1. Read aloud the story Charlotte’s Web by E. B. White.
  2. Contextualize the word within the story
    • In the story, Wilbur was enthusiastic about making new friends.
  3. Provide a student-friendly explanation of the word.
    • Enthusiastic means you are happy or excited about something.
  4. Have children say the word.
    • Say the word with me, enthusiastic.
  5. Present examples of the word used in contexts different from the story context.
    • Someone might be enthusiastic about seeing a new movie, or someone might be enthusiastic about going to Disney World.
  6. Engage children in activities that get them to interact with the word.
    • Share something you would be enthusiastic about. Try to use the word enthusiastic when you talk about it. You could start by saying something like “I would be enthusiastic about ___________________________.”

      You could then say to a student, “Show us how you might act if you felt enthusiastic about _____________________________.”

      You could ask students: Would you be enthusiasticif
      • You could get a puppy?
      • You had to go to the doctor for a shot?
      • Your best friend was coming over to play?
  7. Have children say the word again.
    • What’s the word we’ve been talking about?

Based on the work of Isabel L. Beck, Margaret G. McKeown, and Linda Cucan, Bringing Words to Life. Used with permission from Guilford Press.

Back in Jan Abraham’s classroom at Banneker Elementary, visitors can see the results of the literacy training. With Abraham’s guidance, the students discuss a book they recently read called Cool Ali and then compare it with a poem called Summer Shower that Abraham reads aloud. This gives the class the opportunity to discuss the weather and metaphors and to recall the plot and characters in Cool Ali. They also work on spelling, finish a syllable-sorting activity, study their vocabulary words, and talk about compound words. Abraham uses an approach to teach vocabulary called “text talk” (see the sidebar, “Improving Vocabulary Instruction”) where she emphasizes certain vocabulary words in the story and poem that may be unfamiliar to most of her students. Today’s words include “admired,” “fussed,” and “mimicked.” She provides a student-friendly explanation for each word, uses it in the context of the story, presents other contexts, and provides opportunities and activities for the students to use the word.

Robin Jarvis with class
Former Recovery School District superintendent Robin Jarvis helps play a vocabulary game in Jan Abraham’s second-grade classroom.

The students’ enthusiasm makes it difficult to believe they are low achievers in reading. They do so well on one of the vocabulary tasks that Abraham encourages them to “kiss” their brains, which results in a flurry of students kissing their fingertips, then touching the top of their heads.

Ginger Grant, a distinguished educator with the Louisiana Department of Education who works with schools in the RSD, notes that “the SEDL strategies were very teacher friendly—you can utilize them with any program.” She adds, “Teachers don’t have any reason to say they can’t implement these strategies.”

Kathleen Wagner, the reading intervention teacher at Banneker, agrees. She says the reading strategies can be implemented across the curriculum, too. “A lot of techniques teachers don’t think they can use with the upper grades. That’s not true,” she says. “We forget we’re still dealing with children. We can’t presuppose they won’t accept it. Vocabulary has been our weakest link. Now we’re able to zero in on it.”

The training covered the key ingredients of effective reading instruction substantiated by research, which also are reflected in the district’s reading programs.

Teachers gained the knowledge to select the most relevant or critical instructional activities from the material offered by the core reading programs, depending on the needs of their students.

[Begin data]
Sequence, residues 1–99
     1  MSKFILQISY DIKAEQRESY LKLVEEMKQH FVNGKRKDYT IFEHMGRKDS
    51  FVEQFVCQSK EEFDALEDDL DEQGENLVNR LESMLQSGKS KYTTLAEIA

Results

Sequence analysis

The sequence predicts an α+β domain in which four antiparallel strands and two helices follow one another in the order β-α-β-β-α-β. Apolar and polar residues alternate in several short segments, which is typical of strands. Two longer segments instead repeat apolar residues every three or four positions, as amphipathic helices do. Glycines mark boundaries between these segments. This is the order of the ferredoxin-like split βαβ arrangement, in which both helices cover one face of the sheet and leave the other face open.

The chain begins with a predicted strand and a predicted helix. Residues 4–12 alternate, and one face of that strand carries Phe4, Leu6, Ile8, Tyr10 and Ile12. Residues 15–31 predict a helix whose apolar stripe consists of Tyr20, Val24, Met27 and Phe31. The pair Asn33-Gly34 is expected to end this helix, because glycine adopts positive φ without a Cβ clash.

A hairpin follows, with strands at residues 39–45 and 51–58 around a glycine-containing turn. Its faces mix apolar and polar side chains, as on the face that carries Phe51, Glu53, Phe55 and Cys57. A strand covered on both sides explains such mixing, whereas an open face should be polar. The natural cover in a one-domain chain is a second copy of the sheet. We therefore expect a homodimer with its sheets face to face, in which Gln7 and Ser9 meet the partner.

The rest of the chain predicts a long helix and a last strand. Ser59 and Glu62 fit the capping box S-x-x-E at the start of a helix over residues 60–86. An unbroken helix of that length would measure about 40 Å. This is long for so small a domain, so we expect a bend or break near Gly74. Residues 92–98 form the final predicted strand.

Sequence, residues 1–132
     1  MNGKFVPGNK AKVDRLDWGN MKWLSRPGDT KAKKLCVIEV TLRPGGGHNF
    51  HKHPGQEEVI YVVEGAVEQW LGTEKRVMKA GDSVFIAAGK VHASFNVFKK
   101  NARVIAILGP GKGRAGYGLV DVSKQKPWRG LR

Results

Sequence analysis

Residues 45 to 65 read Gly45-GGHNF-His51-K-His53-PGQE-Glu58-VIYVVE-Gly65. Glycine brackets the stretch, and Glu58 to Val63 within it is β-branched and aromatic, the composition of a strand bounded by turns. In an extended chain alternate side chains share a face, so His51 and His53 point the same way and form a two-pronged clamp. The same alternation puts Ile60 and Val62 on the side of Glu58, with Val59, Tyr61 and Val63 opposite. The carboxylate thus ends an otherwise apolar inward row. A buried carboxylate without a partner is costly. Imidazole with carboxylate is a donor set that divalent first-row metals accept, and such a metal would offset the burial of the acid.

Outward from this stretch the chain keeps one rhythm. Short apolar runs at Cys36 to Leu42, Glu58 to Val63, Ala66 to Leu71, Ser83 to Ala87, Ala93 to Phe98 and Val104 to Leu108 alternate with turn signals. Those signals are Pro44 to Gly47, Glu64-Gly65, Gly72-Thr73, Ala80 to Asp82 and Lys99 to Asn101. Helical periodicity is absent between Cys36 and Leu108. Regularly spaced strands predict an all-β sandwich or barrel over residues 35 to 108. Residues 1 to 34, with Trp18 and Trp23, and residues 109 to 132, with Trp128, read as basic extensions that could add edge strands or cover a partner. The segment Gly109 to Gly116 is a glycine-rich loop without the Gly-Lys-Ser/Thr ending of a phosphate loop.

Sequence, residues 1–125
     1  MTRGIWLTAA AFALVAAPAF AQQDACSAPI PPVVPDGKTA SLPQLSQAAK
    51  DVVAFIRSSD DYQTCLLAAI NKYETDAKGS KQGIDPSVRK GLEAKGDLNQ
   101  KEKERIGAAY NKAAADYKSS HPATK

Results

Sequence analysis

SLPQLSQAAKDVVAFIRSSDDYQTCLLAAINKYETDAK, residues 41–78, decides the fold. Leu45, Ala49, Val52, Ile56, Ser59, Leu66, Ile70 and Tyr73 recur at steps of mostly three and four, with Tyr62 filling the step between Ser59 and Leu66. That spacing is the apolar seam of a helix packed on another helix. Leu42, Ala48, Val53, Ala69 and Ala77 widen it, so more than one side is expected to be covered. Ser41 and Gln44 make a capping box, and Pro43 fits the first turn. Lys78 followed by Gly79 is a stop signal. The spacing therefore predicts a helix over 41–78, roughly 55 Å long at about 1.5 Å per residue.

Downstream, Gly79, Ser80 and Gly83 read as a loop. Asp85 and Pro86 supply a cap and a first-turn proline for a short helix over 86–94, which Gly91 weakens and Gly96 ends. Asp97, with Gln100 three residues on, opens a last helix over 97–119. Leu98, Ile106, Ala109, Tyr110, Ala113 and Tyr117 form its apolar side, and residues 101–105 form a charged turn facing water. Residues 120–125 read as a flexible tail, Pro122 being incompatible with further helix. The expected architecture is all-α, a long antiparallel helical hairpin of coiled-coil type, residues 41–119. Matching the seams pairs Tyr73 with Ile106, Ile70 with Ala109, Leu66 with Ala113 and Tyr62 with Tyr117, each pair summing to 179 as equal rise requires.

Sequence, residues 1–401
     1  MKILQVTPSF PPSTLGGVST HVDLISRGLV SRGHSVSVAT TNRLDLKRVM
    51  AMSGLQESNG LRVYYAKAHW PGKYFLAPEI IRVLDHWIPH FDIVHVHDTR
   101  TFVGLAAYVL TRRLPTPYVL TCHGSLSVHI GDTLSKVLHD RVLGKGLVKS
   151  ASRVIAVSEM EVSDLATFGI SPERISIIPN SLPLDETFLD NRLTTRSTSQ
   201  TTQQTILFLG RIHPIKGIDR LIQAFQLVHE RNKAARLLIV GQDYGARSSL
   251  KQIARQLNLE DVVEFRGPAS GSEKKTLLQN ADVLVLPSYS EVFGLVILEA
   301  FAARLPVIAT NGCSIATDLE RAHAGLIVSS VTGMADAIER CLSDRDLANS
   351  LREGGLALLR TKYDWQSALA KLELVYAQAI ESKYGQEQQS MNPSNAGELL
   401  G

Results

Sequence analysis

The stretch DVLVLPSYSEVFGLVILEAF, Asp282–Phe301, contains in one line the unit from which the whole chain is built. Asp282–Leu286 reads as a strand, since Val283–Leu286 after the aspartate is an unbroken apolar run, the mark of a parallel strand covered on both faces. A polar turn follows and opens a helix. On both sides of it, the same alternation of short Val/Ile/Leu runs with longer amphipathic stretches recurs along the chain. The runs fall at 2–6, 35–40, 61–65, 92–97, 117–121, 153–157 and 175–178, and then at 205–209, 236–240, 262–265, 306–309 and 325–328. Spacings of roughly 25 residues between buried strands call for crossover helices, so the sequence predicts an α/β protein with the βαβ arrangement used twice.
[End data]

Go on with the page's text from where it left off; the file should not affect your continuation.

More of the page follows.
Wagner says the students at Banneker are clearly making progress. She produces a series of DIBELS reports and graphs for each K–3 class. The graphs show how much progress has been made since the first of the school year. By their lack of certain data, the graphs also show the number of students who have left the school or come to the school during the year.

"We don’t have a lot of children at benchmark, but they truly have advanced," she reports enthusiastically.

Banneker Elementary School teacher Jan Abraham
Banneker principal Cheryllyn Branche and assistant principal Sister Marie Noelle are always willing to check a student’s work.

Banneker helps teachers analyze student data. They rely on results from Louisiana’s standardized achievement tests, iLEAP and LEAP, for grades 4–5 and the Scholastic Reading Inventory for grades 6–8. Because the school opened in April 2006 with a new staff and new students, virtually everyone began 2006–2007 at ground zero data-wise. "Teachers now know who is at benchmark and who is close. Next year we will know where we’re headed," Wagner says.

Wagner is a veteran reading teacher, but she is the only interventionist for the entire school of 460 students. Banneker has only eight ESL students but a large population of students with special needs. Fortunately, the special education staff increased during the school year. College students from the Tulane Reading Buddies program also help out at the school. The student tutors received training about working with the children and coordinated with teachers to make sure Reading Buddies books and stories were the same as or were similar to stories being used in the classroom.

Wagner reports that the preK–2 teachers meet as group fairly often and grade-level planning is encouraged. For most of the school year, 1 hour a day was set aside for embedded professional development where staff could plan lessons and share strategies and lesson plans. "People have stayed the course," Wagner says. "They are committed. We’ve built a team."

References and Suggested Readings

  • Beck, I. L., & McKeown, M. G. (2001). Text talk: Capturing the benefits of read-aloud experiences for young children. The Reading Teacher, 55(1), 16–20.
  • Beck, I. L., McKeown, M. G., & Kucan, L. (2002). Bringing words to life: Robust vocabulary instruction. New York: The Guilford Press.
  • Lehr, F., Osborn, J., & Hiebert, E. H. (2004). A focus on vocabulary. Honolulu, HI: Pacific Resources for Education and Learning.
  • McKeown, M. G., & Beck, I. L. (2003). Taking advantage of read-alouds to help children make sense of decontextualized language. In A. van Kleeck, S. Stahl, & E. Bauer (Eds.), On reading books to children (pp. 159–176). Mahwah, NJ: Erlbaum.